September 29, 2012 9:58:12 PM
Carmen K. Sisson - firstname.lastname@example.org
Joseph Thompson never understood why his family and friends believed he was so special, so worthy of such an honor. The way he saw it, all he did during World War II was avoid getting shot. He couldn't imagine why anyone would present him with an award when his greatest legacy -- the achievement for which he was most proud -- was the living, breathing embodiment of the values in which he believed and the way he tried to live.
But the French government didn't see things the way he did. From the French point of view, Thompson, along with nearly 10,000 other Americans, risked his life to secure their liberty from the Germans, who occupied their homeland from 1940 until 1944. That was at least worth something -- more than something, they felt.
And so, they awarded the Caledonia native with their country's highest military decoration, the Legion of Honor, making him a chevalier, the equivalent of a knight.
It arrived too late. Thompson never got the chance to open, with trembling hands, the slender burgundy box. He never held the heavy insignia bearing the words: "Republique Française." He passed away March 3, months before the award arrived.
But it wouldn't have mattered.
Though he would have been pleased, he would have been most proud of his three grown children, who stood Saturday with their mother, Jo Thompson, in the columbarium at First Methodist Church in downtown Columbus and spoke of their lives and the role he played in shaping them into the people they are today.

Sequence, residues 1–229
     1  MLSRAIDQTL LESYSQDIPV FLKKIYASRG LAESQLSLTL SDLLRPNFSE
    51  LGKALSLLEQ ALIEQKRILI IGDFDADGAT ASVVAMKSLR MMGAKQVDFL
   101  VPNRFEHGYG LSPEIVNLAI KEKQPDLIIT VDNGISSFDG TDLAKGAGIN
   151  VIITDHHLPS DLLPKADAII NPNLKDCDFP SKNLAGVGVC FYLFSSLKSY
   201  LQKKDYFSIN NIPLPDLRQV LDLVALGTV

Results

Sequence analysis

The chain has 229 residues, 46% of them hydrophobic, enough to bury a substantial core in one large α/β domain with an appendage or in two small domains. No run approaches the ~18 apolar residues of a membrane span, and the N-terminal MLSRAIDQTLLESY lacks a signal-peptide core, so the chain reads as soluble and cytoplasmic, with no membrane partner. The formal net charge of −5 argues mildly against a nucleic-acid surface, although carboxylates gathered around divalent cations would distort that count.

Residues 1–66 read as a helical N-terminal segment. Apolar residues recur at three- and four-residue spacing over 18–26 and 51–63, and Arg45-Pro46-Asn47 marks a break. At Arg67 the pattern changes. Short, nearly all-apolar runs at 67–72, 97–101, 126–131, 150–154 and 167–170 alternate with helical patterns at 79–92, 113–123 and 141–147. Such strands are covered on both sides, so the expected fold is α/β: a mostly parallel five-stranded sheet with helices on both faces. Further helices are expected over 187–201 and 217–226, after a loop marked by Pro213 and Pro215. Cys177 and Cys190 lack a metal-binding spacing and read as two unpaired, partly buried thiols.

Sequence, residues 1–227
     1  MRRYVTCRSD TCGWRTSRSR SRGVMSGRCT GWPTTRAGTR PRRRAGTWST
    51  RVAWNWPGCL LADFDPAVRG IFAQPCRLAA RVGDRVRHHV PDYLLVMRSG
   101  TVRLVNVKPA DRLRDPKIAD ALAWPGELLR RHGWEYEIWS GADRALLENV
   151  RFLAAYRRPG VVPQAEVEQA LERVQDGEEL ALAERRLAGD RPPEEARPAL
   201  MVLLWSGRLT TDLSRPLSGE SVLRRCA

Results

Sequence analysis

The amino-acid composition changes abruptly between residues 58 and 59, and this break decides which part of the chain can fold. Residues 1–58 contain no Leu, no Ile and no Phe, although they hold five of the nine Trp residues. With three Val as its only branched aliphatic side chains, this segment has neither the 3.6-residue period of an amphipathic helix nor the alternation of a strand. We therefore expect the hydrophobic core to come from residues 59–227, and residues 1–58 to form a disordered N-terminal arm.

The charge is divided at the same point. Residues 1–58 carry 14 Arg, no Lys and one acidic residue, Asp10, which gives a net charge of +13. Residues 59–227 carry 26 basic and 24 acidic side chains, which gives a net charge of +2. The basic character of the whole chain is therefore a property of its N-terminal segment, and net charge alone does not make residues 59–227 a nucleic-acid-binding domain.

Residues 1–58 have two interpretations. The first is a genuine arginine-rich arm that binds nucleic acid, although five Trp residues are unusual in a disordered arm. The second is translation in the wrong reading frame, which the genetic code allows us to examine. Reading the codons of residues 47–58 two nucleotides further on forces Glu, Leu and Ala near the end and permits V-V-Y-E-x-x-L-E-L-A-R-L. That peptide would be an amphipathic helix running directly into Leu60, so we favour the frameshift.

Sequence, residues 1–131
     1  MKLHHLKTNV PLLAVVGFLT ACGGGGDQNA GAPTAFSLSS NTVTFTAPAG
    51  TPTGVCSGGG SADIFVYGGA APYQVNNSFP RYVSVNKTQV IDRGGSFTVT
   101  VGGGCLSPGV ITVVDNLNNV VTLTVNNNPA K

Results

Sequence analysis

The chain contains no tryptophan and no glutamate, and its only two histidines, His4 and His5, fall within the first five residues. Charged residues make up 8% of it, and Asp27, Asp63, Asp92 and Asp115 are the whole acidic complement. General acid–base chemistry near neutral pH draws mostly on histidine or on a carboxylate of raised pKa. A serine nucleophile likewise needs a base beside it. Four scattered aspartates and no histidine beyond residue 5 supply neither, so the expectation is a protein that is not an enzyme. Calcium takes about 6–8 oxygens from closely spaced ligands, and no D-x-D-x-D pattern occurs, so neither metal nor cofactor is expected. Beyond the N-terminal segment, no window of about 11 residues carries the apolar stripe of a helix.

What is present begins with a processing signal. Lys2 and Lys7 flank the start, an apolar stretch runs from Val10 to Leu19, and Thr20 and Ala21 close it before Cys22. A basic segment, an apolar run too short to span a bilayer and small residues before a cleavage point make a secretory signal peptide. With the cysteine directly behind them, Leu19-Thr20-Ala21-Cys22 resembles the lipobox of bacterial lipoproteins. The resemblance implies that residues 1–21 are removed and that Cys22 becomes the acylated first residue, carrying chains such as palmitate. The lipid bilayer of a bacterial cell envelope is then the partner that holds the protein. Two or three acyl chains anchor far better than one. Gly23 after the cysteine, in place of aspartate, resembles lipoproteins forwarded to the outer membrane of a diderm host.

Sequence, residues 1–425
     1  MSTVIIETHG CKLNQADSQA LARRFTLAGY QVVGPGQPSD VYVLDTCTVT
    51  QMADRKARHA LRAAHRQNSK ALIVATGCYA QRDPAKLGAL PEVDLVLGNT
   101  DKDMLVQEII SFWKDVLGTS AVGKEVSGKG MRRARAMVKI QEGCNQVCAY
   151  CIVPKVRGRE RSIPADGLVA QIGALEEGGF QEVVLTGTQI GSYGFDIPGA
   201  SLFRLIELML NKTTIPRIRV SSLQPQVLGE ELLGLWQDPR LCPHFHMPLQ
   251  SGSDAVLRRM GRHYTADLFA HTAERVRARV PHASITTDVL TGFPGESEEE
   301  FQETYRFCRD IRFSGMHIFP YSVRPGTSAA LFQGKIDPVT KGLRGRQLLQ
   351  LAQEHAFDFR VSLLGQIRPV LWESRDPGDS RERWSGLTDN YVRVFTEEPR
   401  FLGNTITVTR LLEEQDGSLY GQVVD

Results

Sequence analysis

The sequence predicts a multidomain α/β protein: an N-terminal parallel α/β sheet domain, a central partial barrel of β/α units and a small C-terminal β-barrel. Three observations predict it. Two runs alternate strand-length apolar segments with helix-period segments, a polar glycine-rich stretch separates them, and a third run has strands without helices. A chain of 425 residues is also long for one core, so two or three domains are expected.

A living legacy
There is Angie Abbott, the oldest, who now lives in Clinton. She was precocious as a child, always testing authority. But she knew, without a doubt, that her daddy loved her, even when he sometimes seemed too strict. She grew up to become a teacher, retiring after 35 years.
There is Vernon Thompson, the middle child, now a resident of Anniston, Ala. and a retired defense contractor.
Then there is Jim Thompson, the youngest, now a retired engineer from GM Delphi in Athens, Ala. -- the baby Jo Thompson went to her husband and said she wanted after their second child entered school.
"Alright," she recalled him saying, "but we can't have a baby every time one goes off to kindergarten."
That was his way, family members and friends said Saturday. No matter the situation, Joseph Thompson found a way to bring a humorous spin to it. It is a skill he passed on to his children, and they were in fine form during the memorial service, laughing a lot, crying a little, and sharing memories as they finally laid his ashes to rest in the church's memorial garden. He dedicated his body to science.
All he wanted, throughout his life, was to see them grow up to love others, be active in their churches and use their gifts and talents to give back to the world.
It was something he talked about often. It was something he mentioned once more on his dying day. He didn't live to see the prestigious medal from France. But he lived to see his children fulfill his life's dream. And that was enough.